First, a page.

I’m writing this letter in the glow cast through the window by our bug
zapper. Most knowledgeable people would say that bug zappers do little to reduce the mosquito population. I would invite those
people to our home to help me sweep up thousands of corpses left overnight beneath the bug zapper. It’s good medicine
to hear the zapper do it’s deadly work and it eases the memory of a day spent on the tractor swatting at flies.
I’ve been riding the tractor a lot lately. It’s haying time here
in Northwest Minnesota as we’re still turning rows of hay so that each side receives an even amount of rain. The good
news is that the alfalfa is very thick, the bad news is that it’s still no closer to the hay shed than the time of our
last correspondence. I do believe that we’ll get a nice day sometime soon but I will probably be in the cab of a sugar
beet truck by the time that event occurs.
Alright, I’ve vented my frustration with the weather. At least things
are going well around the home. We built a concrete patio in front of our home this Spring. We buried a tractor tire rim in
the middle for a fire pit. I tried a technique you may want to try when working with field stone. I built a wooden form around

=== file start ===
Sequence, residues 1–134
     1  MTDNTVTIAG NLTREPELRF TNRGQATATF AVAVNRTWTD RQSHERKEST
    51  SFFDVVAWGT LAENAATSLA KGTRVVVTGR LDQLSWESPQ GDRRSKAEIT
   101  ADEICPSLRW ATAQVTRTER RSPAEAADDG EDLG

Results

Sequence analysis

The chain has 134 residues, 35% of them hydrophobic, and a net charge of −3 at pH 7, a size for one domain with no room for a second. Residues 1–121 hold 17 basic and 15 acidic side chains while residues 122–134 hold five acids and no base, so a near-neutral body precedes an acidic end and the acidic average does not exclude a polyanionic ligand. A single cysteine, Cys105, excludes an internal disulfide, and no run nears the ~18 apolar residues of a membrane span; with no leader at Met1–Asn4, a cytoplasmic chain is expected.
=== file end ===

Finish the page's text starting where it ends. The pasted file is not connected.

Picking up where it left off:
the tire rim then filled it alternately with field stone and mortar. The next day I removed the forms and used a power washer
to remove much of the mortar. It looked like a professional had built a field stone surround only the builder was anything
but professional. This same technique also works well to build a stone fence.
Out hometown Centennial will soon be here. I remember Viking, Minnesota’s
seventy fifth anniversary but I was only fourteen then and didn’t really understand the significance. It’s been
fun to write about Viking’s history and in some cases there’s a real urgency to gather it before it‘s gone.
I interviewed Earl Erickson who shared some great memories that I was able to print. It’s fortunate we visited that
winter day because just a few weeks later he died. Ships of times past used to trail a rope behind them to keep their course
straight. History is like that rope and we can use it to keep the course of our lives straight but history must be gathered
from time to time or we lose it.
I sometimes chuckle when I express a deep thought. Maybe I should keep it to
stories about cattle and farming, Dave but the reason I started printing my letters to you was that they were more personal
and better than my other stories. There I go getting deep again. Better go turn the hay some more, otherwise it might get
dry. Tell everyone hello in Carrington, North Dakota and I’ll do the same up here. Hope to see you at the Centennial.
Your little bro